The New Jersey district is a densely populated, multiethnic area with economic extremes that begins on the other side of the Lincoln Tunnel from New York City. It is represented by Rep. Steve R. Rothman, a first-term Democrat. The Pennsylvania district is anchored by racially diverse Harrisburg, but most of the district is suburban and rural, white and overwhelmingly Republican. It is represented by Rep. George W. Gekas, an eight-term Republican.
Rothman and Gekas serve on the House Judiciary Committee, which would initiate impeachment hearings against Clinton if it came to that point. For now, both men are predicting it won't come to that.
"I think he will prevail," Gekas said in an interview over breakfast at the Harrisburg Hilton on Friday. "He's very clever and articulate, and he's attracted [positive] public opinion."
Though he is a reliable partisan and no fan of Clinton, Gekas said he would find it difficult to vote to impeach Clinton based purely on whether he perjured himself when asked about Lewinsky in the Paula Jones deposition. But if he asked Lewinsky to lie and attempted to obstruct justice, "he's got to be impeached."
Gekas, like his colleagues on the committee, is aware of a crucial point: Impeachments are as much about politics as they are about law. He draws parallels to President Richard M. Nixon, who resigned in 1974 with impeachment looming. Politically speaking, Nixon could not be impeached until public opinion turned to the point that he lost significant support even in his own Republican party. Similarly, he said, the public wouldn't stand for a strictly GOP-backed impeachment of Clinton.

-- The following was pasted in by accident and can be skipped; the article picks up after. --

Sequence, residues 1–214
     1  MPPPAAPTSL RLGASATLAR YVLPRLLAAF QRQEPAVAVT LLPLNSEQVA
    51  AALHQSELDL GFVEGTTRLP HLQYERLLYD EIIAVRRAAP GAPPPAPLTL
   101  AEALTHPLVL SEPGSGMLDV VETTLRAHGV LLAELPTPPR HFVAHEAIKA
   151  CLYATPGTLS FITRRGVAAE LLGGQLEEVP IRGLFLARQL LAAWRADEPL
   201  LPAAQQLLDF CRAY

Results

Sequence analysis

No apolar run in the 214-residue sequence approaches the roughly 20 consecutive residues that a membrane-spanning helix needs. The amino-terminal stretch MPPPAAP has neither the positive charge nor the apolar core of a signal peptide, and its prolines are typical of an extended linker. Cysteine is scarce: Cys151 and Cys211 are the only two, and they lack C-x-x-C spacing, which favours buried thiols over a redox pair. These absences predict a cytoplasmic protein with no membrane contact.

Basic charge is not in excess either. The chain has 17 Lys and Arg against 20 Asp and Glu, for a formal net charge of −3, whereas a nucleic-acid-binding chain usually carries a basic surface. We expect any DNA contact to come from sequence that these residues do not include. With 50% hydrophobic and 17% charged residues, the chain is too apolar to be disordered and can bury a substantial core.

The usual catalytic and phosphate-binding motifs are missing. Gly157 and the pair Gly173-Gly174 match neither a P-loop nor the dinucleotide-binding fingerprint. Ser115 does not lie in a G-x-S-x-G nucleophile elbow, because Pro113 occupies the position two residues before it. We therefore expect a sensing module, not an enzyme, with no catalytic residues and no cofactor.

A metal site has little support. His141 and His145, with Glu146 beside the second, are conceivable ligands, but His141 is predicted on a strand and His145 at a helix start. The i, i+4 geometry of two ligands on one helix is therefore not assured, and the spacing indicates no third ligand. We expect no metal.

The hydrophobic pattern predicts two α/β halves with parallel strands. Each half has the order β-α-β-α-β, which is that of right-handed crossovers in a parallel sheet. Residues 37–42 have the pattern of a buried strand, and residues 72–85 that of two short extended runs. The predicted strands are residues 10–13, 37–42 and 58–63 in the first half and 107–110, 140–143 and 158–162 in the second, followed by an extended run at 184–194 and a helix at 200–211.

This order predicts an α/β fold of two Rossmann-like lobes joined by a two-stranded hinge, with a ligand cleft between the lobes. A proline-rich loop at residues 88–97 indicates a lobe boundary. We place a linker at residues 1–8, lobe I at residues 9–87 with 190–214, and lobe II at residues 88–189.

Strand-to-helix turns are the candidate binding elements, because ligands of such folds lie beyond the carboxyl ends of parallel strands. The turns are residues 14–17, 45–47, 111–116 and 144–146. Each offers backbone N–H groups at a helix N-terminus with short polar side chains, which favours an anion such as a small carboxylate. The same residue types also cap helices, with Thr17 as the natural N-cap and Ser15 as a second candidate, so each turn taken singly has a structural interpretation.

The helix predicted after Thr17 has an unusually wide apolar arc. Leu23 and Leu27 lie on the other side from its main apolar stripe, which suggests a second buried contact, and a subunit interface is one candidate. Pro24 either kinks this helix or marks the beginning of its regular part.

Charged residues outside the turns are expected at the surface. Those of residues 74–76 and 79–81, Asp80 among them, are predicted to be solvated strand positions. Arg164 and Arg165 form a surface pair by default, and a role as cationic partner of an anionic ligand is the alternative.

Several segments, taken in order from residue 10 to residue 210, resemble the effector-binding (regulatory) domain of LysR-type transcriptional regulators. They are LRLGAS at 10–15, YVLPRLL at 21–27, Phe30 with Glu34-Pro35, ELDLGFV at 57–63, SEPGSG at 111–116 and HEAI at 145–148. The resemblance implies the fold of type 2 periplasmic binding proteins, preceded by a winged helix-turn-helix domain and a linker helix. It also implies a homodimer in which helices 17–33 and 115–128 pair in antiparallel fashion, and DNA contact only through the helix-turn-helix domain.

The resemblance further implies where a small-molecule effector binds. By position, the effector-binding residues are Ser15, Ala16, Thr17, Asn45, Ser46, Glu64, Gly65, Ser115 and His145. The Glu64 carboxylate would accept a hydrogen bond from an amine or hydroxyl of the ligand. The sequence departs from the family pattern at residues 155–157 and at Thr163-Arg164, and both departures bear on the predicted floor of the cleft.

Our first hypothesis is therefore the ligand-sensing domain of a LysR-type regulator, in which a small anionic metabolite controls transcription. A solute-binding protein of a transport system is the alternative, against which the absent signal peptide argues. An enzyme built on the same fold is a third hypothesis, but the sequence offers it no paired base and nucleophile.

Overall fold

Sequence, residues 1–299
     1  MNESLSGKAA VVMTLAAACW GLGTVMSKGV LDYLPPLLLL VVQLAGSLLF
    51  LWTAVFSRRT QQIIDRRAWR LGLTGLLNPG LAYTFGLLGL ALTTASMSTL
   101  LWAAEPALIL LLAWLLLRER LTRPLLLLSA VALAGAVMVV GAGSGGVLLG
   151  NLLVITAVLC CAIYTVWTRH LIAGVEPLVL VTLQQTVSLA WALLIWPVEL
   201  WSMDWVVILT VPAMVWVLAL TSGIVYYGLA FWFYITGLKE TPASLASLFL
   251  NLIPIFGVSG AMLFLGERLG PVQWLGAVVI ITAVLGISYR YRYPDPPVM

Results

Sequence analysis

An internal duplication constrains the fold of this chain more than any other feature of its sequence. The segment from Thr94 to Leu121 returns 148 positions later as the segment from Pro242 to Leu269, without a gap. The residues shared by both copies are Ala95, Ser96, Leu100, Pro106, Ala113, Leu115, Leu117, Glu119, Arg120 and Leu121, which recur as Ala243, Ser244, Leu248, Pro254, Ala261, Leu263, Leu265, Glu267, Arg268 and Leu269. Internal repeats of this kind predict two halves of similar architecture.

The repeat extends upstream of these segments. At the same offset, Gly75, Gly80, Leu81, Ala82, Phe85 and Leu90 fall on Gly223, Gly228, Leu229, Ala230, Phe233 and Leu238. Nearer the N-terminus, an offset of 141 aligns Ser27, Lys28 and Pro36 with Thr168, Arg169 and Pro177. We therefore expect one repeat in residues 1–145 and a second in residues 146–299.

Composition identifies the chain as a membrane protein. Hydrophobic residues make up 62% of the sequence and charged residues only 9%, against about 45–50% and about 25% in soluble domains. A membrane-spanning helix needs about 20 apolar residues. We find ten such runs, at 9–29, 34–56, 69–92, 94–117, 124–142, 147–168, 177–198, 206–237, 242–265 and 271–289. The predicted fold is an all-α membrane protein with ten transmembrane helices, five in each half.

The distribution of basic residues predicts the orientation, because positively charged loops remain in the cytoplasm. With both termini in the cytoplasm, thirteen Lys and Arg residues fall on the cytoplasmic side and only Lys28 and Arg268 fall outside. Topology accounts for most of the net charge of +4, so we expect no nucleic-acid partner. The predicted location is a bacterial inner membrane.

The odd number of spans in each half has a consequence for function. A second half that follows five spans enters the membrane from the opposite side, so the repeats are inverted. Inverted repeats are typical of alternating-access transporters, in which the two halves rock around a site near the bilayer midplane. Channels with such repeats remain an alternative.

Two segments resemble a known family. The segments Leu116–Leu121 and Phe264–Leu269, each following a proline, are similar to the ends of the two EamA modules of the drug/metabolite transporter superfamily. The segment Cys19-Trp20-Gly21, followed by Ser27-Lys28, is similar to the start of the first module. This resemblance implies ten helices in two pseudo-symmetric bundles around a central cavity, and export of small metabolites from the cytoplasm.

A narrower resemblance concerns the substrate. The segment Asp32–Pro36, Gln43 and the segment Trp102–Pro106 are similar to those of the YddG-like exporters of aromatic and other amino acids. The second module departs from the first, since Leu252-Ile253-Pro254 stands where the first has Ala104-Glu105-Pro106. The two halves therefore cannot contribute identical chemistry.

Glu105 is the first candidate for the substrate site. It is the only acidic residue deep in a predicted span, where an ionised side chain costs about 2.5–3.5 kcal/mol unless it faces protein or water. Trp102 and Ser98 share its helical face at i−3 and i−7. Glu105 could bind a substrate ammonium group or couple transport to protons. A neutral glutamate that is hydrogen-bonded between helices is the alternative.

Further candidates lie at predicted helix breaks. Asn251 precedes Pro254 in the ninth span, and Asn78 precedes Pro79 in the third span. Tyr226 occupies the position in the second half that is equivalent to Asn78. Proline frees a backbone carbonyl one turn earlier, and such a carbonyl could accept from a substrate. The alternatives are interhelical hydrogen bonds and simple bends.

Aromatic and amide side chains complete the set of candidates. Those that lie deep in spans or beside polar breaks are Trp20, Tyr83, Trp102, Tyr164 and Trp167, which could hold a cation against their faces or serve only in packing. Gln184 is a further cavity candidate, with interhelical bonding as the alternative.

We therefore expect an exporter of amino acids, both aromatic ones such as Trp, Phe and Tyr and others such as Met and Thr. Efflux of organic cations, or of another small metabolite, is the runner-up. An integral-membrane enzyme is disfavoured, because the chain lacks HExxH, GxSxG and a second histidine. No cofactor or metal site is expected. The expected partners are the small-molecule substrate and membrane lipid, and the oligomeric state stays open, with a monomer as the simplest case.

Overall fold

For its possible political ramifications, Clinton's public denial at the White House could prove to be more damaging than his denial behind closed doors in the Jones deposition. Appearing stern, he glared at the cameras and said "I want you to listen to me," before going on to deny the relationship.
A Washington Post-ABC poll last week put Clinton's job approval rating at 67 percent, high numbers for any president, much less one in the middle of a headline-hogging scandal.
The poll is also striking for its other extremes: Only 28 percent of the respondents said Clinton "has high personal moral and ethical standards." On the other hand, many apparently believe him when he says, "I feel your pain" 63 percent said he "understands the problems of people like you"; 68 percent said he is a strong leader; and 80 percent said he has done a good job on the economy.